When comparing overhead or underground power lines, there are pros, cons and questions. Is it more safe, and less susceptible to damage to place the lines underground? What is the cost difference? Is the additional cost justified? And in the end…what is the best solution for the community?

Troubleshooting Problems

One of the biggest advantages of underground lines is the protection that they offer from the elements. When installed properly, it’s estimated that underground lines can operate for years without issue. With limited exposure to weather and other environmental factors, the risk of damage is lessened, however, when a problem occurs, both the cost of repair and duration of work can be extensive.

Problems on overhead power line can often be easily located and repaired, and simple modifications can be completed quickly, however if a storm is too strong for repairmen to work through, and outages mount, repair timelines increase with the sheer amount of work.

Locating a problem underground is much more difficult and time consuming compared with overhead lines, and once a problem has been located, the labor cost is different and the amount of work required is greater.

Installation Cost

Cost varies greatly between the two types of lines. Initial costs of underground lines are significantly more than that of overhead lines; the difference in each state is about five times greater for underground than overhead. Regardless of underground line reliability and improved technology, the installation costs remain high due to the labor required to trench the area during installation. An argument can be made that cost-savings come into play as underground lines should not require repairs for several years after installation.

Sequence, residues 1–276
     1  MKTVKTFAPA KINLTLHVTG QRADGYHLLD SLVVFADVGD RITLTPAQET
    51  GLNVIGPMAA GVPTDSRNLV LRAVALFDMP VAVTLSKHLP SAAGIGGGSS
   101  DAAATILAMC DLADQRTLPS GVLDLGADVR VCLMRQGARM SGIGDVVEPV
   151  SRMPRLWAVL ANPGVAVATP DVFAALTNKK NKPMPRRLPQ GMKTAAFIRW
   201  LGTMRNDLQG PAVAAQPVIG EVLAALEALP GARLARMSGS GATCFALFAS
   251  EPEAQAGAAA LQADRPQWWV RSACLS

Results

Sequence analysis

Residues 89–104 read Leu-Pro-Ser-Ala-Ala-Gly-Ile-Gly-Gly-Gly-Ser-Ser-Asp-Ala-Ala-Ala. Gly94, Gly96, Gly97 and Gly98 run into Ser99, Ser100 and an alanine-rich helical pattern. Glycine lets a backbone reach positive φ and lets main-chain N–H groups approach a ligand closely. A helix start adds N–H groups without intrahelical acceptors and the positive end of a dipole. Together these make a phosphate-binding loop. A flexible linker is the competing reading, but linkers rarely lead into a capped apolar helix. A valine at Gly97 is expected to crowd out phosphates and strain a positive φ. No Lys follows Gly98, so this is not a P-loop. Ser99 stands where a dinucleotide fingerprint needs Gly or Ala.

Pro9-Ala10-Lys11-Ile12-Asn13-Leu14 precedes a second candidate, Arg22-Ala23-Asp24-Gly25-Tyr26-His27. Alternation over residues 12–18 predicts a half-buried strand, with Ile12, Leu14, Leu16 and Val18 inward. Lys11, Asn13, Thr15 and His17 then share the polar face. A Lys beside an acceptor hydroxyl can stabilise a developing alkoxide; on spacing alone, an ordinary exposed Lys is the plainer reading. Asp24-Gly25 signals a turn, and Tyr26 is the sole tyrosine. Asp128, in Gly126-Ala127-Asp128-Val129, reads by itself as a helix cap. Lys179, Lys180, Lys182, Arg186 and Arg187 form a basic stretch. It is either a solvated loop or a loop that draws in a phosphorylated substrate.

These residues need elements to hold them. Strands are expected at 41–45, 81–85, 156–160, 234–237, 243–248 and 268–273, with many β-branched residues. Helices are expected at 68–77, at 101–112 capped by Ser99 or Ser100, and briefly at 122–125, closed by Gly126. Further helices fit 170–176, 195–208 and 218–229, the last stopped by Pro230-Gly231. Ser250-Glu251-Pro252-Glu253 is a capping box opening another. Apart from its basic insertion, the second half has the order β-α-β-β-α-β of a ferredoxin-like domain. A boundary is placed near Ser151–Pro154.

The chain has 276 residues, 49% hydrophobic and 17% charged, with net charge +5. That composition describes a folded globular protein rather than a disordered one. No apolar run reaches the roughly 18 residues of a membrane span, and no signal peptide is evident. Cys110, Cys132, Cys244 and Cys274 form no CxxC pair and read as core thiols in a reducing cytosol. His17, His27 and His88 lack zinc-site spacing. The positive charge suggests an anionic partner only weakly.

Cost of Repair and Maintenance

The cost to repair underground lines can be up to ten times more expensive than the more easily accessible overhead lines.

An article by Frank Alonso, P.E. and Carolyn A. E. Greenwell, P.E. on Electric & Power’s website explores the cost comparison:

“‘They can be, but it’s expensive,’ is the proverbial answer concerning underground power delivery, but the time is quickly approaching when utility customers and government officials will demand an answer that provides a more in-depth, independent look at how much more expensive underground power delivery is compared with overhead power delivery. Changes will be precipitated by power outages associated with natural disasters, citizens who don’t want their homes ­devalued by nearby overhead lines, and competitive economic forces that drive utilities to consider placing power lines underground.”

Click here to read the full article.

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